The exhibition evokes these not only through the works of art on view but also through specially designed sensory experiences, ranging from smells of roses and incense to the sounds of church bells and gardens, and the tactility of rosary beads.

“In many museums today, visitors experience the artworks by viewing them from afar in silent galleries. A Feast for the Senses will push the boundaries of the art museum by inviting visitors to encounter art with more than just their eyes,” says exhibition curator Martina Bagnoli (former Walters’ curator of medieval art, who is now executive director of the Gallerie Estensi in Modena, Italy).

Loans and Support 

More than 25 museums and collections in the United States and abroad are lending works to the exhibition, including the British Museum, London; the Musée du Louvre, Paris; the Bibliothèque nationale de France, Paris; the Rijksmuseum, Amsterdam; the Victoria and Albert Museum, London; the Metropolitan Museum of Art, New York; and the J. Paul Getty Museum, Los Angeles. The exhibition also includes masterpieces from the Walters’ renowned collection of medieval art, one of the most important in the United States

A Feast for the Senses has been organized by the Walters Art Museum, Baltimore, in partnership with the John and Mable Ringling Museum of Art, Sarasota, and will be on view at the Ringling February 4 through April 20, 2017.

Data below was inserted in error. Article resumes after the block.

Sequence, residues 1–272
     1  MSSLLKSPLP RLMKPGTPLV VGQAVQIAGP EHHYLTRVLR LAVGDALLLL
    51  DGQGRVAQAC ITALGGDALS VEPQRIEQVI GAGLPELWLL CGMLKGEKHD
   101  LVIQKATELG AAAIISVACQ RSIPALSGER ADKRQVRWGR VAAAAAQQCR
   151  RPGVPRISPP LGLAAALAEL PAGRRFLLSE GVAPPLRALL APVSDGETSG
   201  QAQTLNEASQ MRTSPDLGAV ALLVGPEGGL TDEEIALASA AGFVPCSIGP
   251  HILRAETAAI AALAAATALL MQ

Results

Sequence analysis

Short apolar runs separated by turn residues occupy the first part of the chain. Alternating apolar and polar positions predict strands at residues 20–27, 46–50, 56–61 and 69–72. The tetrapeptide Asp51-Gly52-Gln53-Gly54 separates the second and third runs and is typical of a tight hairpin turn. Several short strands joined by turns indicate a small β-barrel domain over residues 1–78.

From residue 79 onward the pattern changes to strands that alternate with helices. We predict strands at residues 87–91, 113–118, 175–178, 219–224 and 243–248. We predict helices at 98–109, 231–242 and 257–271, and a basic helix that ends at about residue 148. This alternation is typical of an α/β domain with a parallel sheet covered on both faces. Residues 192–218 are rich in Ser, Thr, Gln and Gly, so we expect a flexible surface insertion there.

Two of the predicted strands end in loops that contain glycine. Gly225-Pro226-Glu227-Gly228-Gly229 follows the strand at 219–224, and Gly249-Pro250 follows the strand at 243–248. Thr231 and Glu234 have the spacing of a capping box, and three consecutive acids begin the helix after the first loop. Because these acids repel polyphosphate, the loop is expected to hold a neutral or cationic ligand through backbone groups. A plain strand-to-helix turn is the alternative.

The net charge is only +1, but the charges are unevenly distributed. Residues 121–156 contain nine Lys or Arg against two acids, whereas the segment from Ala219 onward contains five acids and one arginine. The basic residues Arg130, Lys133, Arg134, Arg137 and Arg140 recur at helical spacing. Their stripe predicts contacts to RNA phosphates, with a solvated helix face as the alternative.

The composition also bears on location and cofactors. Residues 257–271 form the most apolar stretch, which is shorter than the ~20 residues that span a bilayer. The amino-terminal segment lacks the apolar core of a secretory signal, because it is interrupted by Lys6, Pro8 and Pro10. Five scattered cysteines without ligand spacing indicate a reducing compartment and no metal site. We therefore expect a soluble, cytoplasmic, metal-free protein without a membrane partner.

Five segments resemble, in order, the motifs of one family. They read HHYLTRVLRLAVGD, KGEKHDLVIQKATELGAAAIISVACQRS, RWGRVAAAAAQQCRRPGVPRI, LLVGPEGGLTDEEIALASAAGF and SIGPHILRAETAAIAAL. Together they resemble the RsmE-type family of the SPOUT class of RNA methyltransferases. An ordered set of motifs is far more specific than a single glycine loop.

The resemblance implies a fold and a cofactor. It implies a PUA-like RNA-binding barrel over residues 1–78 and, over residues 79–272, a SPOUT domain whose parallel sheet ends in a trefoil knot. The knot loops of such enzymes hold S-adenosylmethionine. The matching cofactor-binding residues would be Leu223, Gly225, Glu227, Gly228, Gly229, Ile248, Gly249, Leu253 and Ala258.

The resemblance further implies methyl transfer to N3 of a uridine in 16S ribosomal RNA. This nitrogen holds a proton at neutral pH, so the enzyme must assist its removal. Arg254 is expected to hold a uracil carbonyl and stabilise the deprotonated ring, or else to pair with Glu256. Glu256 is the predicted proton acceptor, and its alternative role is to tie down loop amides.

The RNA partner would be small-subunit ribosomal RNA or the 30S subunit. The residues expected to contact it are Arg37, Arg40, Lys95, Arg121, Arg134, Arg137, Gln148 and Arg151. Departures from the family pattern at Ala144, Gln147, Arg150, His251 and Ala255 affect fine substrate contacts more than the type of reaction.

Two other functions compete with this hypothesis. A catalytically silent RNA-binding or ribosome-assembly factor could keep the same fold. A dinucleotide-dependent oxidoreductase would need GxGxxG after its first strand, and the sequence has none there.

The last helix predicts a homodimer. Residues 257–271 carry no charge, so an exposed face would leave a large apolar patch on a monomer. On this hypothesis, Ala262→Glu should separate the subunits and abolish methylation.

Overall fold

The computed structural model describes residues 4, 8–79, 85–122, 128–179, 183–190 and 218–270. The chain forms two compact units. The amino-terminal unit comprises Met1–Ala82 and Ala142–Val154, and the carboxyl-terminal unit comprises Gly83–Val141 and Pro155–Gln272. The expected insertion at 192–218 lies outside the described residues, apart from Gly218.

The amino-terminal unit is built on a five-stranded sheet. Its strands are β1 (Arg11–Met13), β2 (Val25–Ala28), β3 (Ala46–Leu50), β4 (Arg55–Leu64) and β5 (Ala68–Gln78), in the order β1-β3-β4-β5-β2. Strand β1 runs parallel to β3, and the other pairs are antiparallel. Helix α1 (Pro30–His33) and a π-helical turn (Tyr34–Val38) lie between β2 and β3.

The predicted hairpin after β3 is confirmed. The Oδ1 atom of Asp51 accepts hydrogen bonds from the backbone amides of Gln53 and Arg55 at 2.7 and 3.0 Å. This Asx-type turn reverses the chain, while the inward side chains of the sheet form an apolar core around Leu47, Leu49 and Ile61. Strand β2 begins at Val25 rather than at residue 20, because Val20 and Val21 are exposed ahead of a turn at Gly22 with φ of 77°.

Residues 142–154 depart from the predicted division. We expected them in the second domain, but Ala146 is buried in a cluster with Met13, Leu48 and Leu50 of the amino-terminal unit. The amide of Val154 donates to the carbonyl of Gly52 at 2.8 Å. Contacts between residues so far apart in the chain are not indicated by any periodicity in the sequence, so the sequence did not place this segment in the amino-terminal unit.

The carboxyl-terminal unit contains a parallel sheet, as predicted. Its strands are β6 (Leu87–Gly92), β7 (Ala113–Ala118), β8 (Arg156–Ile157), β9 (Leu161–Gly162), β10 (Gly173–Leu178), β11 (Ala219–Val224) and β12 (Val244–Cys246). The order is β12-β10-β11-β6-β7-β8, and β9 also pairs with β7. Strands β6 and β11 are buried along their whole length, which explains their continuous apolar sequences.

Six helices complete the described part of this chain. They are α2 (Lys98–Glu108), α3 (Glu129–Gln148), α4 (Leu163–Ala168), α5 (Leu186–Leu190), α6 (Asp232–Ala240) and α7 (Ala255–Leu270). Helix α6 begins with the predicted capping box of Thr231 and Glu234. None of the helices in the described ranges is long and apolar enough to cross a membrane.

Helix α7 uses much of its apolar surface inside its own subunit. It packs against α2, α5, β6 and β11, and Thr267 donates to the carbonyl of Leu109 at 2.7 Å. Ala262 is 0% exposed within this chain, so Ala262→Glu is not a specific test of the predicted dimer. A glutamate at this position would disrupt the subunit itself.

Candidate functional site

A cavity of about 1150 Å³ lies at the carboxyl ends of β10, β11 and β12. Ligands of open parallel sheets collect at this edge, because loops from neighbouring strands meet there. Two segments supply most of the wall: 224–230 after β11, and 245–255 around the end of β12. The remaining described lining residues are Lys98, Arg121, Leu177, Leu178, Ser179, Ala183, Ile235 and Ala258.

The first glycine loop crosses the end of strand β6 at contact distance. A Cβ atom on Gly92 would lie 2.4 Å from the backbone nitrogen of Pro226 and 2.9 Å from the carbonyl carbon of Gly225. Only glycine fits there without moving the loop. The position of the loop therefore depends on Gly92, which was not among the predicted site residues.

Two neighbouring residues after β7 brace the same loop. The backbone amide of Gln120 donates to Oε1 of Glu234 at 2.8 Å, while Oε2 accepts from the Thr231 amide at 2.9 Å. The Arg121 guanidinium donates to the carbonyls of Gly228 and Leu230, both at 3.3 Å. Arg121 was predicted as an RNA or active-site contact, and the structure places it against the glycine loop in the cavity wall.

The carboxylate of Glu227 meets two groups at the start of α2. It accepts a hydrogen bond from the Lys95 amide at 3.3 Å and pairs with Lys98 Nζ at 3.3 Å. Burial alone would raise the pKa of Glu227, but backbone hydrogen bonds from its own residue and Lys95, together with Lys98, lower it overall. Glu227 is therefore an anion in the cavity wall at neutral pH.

The exhibition received major funding from the National Endowment for the Humanities: Exploring the human endeavor; the Institute of Museum and Library Services; the National Endowment for the Arts; and anonymous donors, with additional support from the Gary Vikan Exhibition Fund, Nanci and Ned Feltham, and the Helen Hughes Trust. The accompanying catalogue was made possible by an anonymous donor. Any views, findings, conclusions, or recommendations expressed do not necessarily represent those of the National Endowment for the Humanities, the Institute of Museum and Library Services, or the National Endowment for the Arts.

This exhibition is supported by an indemnity from the Federal Council on the Arts and the Humanities.

Accompanying Publication

A generously illustrated catalogue presents new research in the developing field of sensory perception within art history. It includes essays by leading scholars exploring the themes of the exhibition through representations of religious practices, royal rituals, feasts and celebrations, and music and literature. Edited by exhibition curator Martina Bagnoli, the catalogue is published by the Walters Art Museum and distributed by Yale University Press. It is available for sale in the Walters Art Museum Store and online ($65, hardcover) beginning in mid-October.

Opening Day Event

A public opening day talk Symposium on the Senses in Medieval Culture will be held Sunday, October 16 at 1:30 p.m. Exhibition curator Martina Bagnoli, Walters’ in-house curator Joaneath Spicer, and other scholars will explore aspects of the role played by sensory perception in medieval culture that are both surprising and completely familiar to us today. A reception and book signing follow. Tickets are $10, and free for Walters members.

 

New Exhibition and Events: Opus Anglicanum, Masterpieces of English Medieval Embroidery, V&A Museum, 1 October 2016 – 5 February 2017

opus anglicanum to deleteNew Exhibition: Opus Anglicanum: Masterpieces of English Medieval Embroidery, Victoria and Albert Museum, 1 October 2016 – 5 February 2017